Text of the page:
Dougie is gone, joining those, so many whose hands/paws we held, watched as they went.
Soon I will be leaving this place that offered safe harbor, taking his ashes to mix with the ashes of others.
I am moving to make yet another fresh start, selling more, giving away more, but, taking memories of happy family days to weave and wrap around me.
I will go to another place where I will scatter mixed ashes and, little by little, piece by piece, rebuild.
I have been descending into a well of grief for my daugther, for both the children I raised, for the abscence of one and the betrayal of the other. I don’t know why now, why it was necessary to be overwhelmed once again by the evil intent and the lies that took my child, my freedom, my reputation, and my well-being. But down I go. Today in particular I found myself made almost helpless by the pain. Why? I didn’t call it to me. I didn’t go digging for it. It came to me.
Finally I put aside my attempts to do anything productive and went upstairs to lie on the old couch and just listen to the traffic whoosh by until I fell into an uneasy half-slumber. And then…Ah…there it was.
I am sensitive to the energies of certain people, extraorindarily so, and you can just balk at that if you wish, but I heard her voice through the window, my heart went THUD, and I knew what was stirring my wounded soul such as it is. The child returned. The child I raised. The one who accused me of terrible things that almost put me behind bars. The accusation that had my daughter taken away and kept from me until her death. The one who devastated my life. She came to visit for Father’s Day.
And so we sat together at the table making cautious small talk. Avoiding talk of what she’d done to me, to all of us, lest she get up and walk out. The idea in my mind to build back the relationship (with her fatehr, at least) to the point where she’s again old enough(17 now) to face me over what she did. *sigh*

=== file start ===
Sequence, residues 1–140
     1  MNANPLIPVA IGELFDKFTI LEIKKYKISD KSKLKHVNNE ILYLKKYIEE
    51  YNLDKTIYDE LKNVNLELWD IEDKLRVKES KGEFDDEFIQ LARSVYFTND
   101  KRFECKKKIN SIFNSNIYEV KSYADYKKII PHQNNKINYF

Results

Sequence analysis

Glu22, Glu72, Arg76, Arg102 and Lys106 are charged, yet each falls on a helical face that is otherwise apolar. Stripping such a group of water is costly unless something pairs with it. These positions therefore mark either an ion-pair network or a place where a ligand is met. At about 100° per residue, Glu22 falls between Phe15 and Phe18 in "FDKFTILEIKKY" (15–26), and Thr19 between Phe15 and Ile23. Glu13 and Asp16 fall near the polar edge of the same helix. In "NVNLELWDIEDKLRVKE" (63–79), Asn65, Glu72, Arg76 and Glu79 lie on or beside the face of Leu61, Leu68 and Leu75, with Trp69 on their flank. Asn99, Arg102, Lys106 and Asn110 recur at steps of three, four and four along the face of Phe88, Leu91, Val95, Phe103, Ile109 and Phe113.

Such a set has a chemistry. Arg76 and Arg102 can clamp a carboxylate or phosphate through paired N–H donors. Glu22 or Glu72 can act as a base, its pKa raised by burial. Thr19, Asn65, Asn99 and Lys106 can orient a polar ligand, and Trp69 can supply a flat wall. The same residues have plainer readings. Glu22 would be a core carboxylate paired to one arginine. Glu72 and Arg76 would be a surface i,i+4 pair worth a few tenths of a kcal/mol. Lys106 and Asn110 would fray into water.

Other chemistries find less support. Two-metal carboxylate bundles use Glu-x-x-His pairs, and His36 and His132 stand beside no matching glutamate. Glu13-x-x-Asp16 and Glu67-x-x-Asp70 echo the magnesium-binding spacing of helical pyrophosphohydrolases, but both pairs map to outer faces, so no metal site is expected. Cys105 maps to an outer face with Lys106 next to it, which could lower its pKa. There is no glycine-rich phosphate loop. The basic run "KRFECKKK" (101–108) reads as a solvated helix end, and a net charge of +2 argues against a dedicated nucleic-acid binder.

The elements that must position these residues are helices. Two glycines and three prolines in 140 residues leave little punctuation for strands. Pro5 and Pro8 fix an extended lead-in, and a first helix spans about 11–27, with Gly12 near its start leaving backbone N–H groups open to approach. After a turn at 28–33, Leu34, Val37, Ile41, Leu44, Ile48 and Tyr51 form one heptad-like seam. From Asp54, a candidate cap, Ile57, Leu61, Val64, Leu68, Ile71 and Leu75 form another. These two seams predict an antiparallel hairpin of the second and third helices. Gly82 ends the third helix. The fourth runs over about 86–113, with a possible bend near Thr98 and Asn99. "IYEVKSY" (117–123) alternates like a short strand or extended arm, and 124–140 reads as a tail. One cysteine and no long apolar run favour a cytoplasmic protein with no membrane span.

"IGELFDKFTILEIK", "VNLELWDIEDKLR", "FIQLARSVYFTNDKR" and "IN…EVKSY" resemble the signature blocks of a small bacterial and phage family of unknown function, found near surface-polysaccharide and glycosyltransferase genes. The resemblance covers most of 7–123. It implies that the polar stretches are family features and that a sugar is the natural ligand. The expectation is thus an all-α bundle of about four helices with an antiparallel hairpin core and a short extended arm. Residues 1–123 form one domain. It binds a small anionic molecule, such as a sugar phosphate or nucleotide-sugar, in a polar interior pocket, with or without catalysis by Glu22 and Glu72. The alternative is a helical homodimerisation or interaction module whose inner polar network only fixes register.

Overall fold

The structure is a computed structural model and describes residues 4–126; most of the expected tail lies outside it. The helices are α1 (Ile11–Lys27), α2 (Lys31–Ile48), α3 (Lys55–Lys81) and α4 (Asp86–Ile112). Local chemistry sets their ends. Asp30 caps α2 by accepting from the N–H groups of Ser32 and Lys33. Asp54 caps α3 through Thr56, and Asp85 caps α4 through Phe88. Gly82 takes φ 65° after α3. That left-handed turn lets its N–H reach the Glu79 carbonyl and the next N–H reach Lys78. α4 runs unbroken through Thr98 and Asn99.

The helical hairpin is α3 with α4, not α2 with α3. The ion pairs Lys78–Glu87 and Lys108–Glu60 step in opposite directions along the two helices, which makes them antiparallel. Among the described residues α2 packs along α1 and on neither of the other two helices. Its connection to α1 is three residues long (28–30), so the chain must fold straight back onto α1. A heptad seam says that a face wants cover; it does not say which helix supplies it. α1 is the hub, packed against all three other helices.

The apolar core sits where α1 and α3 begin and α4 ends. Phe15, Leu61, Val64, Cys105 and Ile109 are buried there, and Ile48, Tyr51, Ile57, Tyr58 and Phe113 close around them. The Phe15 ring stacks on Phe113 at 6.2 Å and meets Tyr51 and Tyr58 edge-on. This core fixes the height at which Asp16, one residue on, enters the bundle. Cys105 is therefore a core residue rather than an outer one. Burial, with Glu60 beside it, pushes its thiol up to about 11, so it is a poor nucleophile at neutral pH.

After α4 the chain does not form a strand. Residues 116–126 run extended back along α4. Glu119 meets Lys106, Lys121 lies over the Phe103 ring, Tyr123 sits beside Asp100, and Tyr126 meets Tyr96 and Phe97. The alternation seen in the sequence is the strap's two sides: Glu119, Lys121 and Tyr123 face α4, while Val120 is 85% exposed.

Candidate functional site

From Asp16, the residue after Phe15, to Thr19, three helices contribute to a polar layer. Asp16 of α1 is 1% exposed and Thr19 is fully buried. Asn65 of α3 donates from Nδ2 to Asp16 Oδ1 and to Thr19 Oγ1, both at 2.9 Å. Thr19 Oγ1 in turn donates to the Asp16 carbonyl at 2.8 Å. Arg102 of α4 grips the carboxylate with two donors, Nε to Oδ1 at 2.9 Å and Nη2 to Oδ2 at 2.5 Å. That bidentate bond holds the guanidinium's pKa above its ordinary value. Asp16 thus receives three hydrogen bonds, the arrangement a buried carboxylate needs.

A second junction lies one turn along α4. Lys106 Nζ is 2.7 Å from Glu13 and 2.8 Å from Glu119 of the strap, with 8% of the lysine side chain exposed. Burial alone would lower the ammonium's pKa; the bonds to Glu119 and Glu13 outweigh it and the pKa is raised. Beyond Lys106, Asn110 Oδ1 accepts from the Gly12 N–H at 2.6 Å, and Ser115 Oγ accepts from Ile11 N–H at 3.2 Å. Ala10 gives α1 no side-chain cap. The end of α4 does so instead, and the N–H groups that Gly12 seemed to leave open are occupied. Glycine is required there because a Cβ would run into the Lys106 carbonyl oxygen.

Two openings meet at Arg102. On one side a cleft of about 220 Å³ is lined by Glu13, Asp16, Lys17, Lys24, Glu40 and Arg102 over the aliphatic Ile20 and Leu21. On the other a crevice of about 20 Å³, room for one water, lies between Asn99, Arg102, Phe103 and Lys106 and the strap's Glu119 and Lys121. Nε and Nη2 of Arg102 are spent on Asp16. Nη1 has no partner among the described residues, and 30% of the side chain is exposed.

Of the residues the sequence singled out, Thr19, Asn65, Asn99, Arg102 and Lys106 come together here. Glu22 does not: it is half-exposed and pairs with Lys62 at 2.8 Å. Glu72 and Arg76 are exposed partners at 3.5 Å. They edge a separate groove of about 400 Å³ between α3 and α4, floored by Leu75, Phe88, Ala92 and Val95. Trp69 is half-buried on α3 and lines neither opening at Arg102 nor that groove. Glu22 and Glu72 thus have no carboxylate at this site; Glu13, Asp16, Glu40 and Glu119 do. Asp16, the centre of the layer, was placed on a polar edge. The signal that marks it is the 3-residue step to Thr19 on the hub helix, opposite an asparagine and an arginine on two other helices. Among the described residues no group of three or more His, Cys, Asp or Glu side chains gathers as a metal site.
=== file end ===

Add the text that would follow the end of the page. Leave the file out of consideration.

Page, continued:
What bullshit. I’m such a fool. Eventually I just came right out and called her on the audacity of faking an injury in order to destroy my life. Out the door she went. After she swore that she didn’t fake the injury. It’s been so many years now she’s convinced herself that her story was true.
I feel so tired I can barely move. Utterly joyless. Weeping inwardly.
You know what? I still desperately want my family back. Death precludes the return of one child. And the other? The other just stood in the kitchen and declared, “I just don’t take anyone’s shit. If you bug me, I’ll make their life a living hell. I’ll make them wish they were never born. They just won’t believe what I’ll do to their lives.”
I believe her. She was smiling when she said it. She was also smiling when she – just before that – asked her father to buy her a car.
It’s time now for the storybook ending: the protagonist (moi) shakes it off and finds something new to fill the void left by Family.
But I am sad. So sad today.
When it rains, it pours, and sometimes the accompanying winds threaten to take the roofs right off what little shelter we have in the world. And sometimes…sometimes the roof goes.
Heather Blakey, webmistress, teacher, guide, guru, Friend, is in the eye of such a storm yet again. I have not offered her any words of wisdom or comfort because, one, she is older and wiser than I, and two, could any word be true enough to comfort a daughter watching her mother die? Not from my personal experience on the matter. And so I’ve read the kind words sent from others and wondered about storms and grief, my own grief and memory of grief rising up like the floods on the Canadian Prairies.
Heather’s mother has cancer of the eosophagus, and I lost a very, very dear and important friend/guide in my life to that just a few months ago. Her absence is very keenly felt in my life today. Tears well for her near daily every time I go near my gardens, a subject we discussed often. Elizabeth loved gardening and adored all plants, but she was wise enough to assure me that “A weed is ANYTHING you don’t want in your garden, my love. If you don’t like roses, then OUT they go, and don’t you feel a whit of guilt about it. A garden is supposed to be a thing of pleasure, not a task to be tended to grudgingly. Make it what you love and to hell with what anyone else says.”
The most important women in my life, and I think the most important women on earth indeed, are those who are strong enough and smart enough to encourage the world’s daughters to tell society to “go to hell and just let me live as I was meant to live, in peace, in beauty, in pleasure.” From what I have heard, Heather’s mother is such a treasure, and so her weakening condition is a heartbreak that touches all intelligent women.
I wish Heather a continued connection with that deep down still spot inside her that withstands the ebb and flow of every flood, and the force of every emotional hurricane. I can think of nothing more to say in the face of a normal but nonetheless devastating pain of life.
Love and honour,